The law limits the workweek to an average of 48 hours, normally averaged over a 17-week period. The law does not prohibit compulsory overtime, but it limits overtime to the 48-hour workweek restriction. The 48-hour workweek regulations do not apply to senior managers and others who can exercise control over their own hours of work. There are also exceptions for the armed forces, emergency services, police, domestic workers, sea and air transportation workers, and fishermen. The law allows workers to opt out of the 48-hour limit, although there are exceptions for airline staff, delivery drivers, security guards, and workers on ships or boats.

The government set appropriate and current occupational safety and health standards. The law stipulates that employers may not place the health and safety of employees at risk. The Health and Safety Executive (HSE) is responsible for identifying unsafe situations, and not the worker. By law workers can remove themselves from situations that endanger health or safety without jeopardy to their employment, and authorities effectively protected employees in this situation.

The HSE, an arm of the Department for Work and Pensions, effectively enforced occupational health and safety laws in all sectors including the informal economy. The fine for violations is 400 pounds ($520), which was sufficient to deter violations. The HSE conducted workplace inspections and may initiate criminal proceedings. HSE inspectors also advise employers on how to comply with the law. Employers may be ordered to make improvements, either through an improvement notice, which allows time for the recipient to comply, or a prohibition notice, which prohibits an activity until remedial action has been taken. The HSE issued notices to companies and individuals for breaches of health and safety law. The notice may involve one or more instances when the recipient failed to comply with health and safety law, each of which was called a “breach.” The HSE prosecuted recipients for noncompliance with a notice while the Crown Office and Procurator Fiscal Service (COPFS) prosecuted similar cases in Scotland.

Figures for 2016-17 show that the HSE and COPFS prosecuted 593 cases with at least one conviction secured in 554 of these cases, a conviction rate of 93 percent. Across all enforcing bodies, 9,495 notices were issued. HSE and COPFS prosecutions led to fines totaling 69.9 million pounds ($90.9 million) compared with the 38.3 million pounds ($49.8 million) in 2015-16.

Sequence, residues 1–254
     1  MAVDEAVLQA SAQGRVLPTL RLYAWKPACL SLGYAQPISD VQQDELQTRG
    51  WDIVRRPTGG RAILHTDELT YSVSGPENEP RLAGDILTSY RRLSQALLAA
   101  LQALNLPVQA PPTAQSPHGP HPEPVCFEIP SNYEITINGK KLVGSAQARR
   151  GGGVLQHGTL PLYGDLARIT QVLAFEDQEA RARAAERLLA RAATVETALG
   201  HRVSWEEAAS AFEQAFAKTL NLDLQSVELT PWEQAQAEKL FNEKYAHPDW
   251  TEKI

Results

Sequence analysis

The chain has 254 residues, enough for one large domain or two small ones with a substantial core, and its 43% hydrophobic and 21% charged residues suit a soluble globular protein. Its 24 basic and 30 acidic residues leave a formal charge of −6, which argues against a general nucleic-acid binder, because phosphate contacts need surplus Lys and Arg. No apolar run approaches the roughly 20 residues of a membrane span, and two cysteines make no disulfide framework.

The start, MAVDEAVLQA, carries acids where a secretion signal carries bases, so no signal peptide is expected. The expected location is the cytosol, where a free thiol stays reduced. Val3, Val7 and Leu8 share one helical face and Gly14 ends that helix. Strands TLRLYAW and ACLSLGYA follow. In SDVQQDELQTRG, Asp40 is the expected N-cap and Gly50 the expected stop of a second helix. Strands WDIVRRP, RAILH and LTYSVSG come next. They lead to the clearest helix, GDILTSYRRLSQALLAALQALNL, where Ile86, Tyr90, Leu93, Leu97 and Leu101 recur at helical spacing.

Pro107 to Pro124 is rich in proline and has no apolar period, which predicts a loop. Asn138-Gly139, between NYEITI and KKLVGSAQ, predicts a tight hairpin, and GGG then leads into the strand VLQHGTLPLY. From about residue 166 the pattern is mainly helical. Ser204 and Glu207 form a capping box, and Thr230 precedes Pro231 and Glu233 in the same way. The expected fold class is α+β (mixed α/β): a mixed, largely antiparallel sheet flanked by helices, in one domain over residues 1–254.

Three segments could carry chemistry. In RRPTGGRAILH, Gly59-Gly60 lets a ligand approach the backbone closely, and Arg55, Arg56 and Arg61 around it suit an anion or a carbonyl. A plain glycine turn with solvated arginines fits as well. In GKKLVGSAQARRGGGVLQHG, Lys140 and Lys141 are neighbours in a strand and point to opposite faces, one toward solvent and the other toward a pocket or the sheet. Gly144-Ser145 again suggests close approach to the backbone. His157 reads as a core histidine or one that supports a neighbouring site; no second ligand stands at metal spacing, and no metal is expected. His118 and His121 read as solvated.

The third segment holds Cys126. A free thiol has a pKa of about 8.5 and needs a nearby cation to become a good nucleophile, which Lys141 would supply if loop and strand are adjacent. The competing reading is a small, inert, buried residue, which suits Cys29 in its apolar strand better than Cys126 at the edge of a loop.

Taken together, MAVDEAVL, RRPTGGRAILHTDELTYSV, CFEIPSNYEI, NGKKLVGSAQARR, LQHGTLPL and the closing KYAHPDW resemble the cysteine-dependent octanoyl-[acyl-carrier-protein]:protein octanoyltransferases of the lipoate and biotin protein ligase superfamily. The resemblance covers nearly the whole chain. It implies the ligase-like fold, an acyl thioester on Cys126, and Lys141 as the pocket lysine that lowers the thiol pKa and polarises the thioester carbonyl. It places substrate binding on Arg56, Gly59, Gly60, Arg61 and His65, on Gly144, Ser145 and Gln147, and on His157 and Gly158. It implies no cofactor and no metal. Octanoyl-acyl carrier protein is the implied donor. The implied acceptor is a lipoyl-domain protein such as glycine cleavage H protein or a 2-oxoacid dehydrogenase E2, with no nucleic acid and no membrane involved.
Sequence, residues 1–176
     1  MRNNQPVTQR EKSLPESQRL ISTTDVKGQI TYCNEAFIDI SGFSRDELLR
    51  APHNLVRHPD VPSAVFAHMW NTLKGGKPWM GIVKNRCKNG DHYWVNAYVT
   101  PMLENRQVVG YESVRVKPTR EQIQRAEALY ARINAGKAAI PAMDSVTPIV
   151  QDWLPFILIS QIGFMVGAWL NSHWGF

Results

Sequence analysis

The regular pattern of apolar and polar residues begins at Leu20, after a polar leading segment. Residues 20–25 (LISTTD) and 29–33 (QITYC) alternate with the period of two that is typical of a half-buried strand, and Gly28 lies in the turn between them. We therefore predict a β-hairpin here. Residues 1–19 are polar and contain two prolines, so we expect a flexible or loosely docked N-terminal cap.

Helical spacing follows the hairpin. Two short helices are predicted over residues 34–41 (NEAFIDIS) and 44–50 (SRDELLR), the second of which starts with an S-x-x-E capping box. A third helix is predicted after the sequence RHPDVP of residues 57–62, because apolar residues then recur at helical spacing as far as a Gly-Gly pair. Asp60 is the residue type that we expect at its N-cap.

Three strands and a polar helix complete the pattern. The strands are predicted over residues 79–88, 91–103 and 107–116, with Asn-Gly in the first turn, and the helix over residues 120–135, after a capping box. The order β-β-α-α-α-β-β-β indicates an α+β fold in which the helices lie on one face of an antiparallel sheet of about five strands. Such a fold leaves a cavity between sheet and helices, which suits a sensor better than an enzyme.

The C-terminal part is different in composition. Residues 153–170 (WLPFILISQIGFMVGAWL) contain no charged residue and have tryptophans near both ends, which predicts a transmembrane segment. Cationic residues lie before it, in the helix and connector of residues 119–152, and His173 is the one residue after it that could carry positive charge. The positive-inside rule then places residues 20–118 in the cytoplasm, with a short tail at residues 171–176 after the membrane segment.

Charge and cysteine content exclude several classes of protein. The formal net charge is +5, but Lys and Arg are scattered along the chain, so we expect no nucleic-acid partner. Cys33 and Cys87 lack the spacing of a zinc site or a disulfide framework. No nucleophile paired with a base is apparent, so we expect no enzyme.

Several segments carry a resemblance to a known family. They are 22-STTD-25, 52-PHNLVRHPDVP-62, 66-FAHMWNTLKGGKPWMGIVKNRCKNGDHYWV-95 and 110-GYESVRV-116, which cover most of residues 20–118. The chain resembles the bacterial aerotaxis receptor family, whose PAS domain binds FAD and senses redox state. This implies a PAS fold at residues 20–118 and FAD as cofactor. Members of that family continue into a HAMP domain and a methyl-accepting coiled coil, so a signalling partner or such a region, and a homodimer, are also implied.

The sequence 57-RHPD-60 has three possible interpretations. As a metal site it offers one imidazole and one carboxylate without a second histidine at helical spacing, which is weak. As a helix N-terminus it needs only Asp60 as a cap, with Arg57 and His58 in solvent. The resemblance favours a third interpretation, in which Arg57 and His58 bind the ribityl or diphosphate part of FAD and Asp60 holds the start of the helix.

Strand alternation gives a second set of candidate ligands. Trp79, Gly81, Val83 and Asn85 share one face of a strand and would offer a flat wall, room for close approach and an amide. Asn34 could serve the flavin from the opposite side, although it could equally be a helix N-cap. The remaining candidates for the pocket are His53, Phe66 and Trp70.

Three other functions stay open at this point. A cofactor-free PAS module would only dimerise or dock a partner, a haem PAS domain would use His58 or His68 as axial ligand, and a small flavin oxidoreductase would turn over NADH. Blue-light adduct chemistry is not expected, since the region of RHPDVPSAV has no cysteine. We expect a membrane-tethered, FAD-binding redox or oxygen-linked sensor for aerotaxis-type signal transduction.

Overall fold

According to the HSE annual report, 137 workers were killed at work in 2016-17. An estimated 621,000 workers sustained a nonfatal injury at work according to self-reports. A total of 71,062 industrial injuries were reported in 2017-18 in the UK.

Bermuda’s law does not currently provide a minimum wage, however, and update to the legislation is expected next year. The Department of Labor and Training currently enforces any contractually agreed wage. Regulations enforced by the Department extensively cover the safety of the work environment; occupational safety and health standards and are current and appropriate for the main industries. By law workers can remove themselves from situations that endangered health or safety without jeopardy to their employment. Penalties were sufficient to deter violations. There were three industrial injuries reported in Bermuda in 2018.

Uruguay

Section 7. Worker Rights

b. Prohibition of Forced or Compulsory Labor

The law prohibits and criminalizes all forms of forced or compulsory labor, and the government effectively enforced the law. The law establishes penalties of two to 12 years in prison for forced labor crimes. Penalties were sufficient to deter violations. The Ministry of Labor investigated two cases of forced labor in 2017 involving a total of 21 victims and one case during the year involving one victim. Information on the effectiveness of inspections and governmental remedies was not available. Foreign workers, particularly from Cuba, Venezuela, Bolivia, Paraguay, Peru, Brazil, the Dominican Republic, and Argentina, were vulnerable to forced labor in agriculture, construction, domestic service, cleaning services, elderly care, wholesale stores, textile industries, agriculture, fishing, and lumber processing. Migrant women were the most vulnerable as they were often exposed to sexual exploitation. Furthermore, North Korean laborers, a population particularly vulnerable to forced labor, were identified as having transited Uruguay to board fishing vessels that operated in international waters off the coast.

Also see the Department of State’s Trafficking in Persons Report at www.state.gov/j/tip/rls/tiprpt/.

c. Prohibition of Child Labor and Minimum Age for Employment

The law prohibits the worst forms of child labor and provides for a minimum age of employment, limitations on working hours, and occupational safety and health restrictions for children. The law sets the minimum age for employment at 15, but INAU may issue work permits for children ages 13 to 15 under circumstances specified by law. In 2017 INAU issued 2,619 of these work permits, of which 57 percent were for work in the country’s interior. Minors ages 15 to 18 must undergo physical exams prior to beginning work and renew the exams yearly to confirm that the work does not exceed the physical capacity of the minor. Children ages 15 to 18 may not work more than six hours per day within a 36-hour workweek and may not work between 10 p.m. and 6 a.m. The minimum age for hazardous work is 18, and the government maintains a list of hazardous or fatiguing work that minors should not perform and for which it does not grant permits.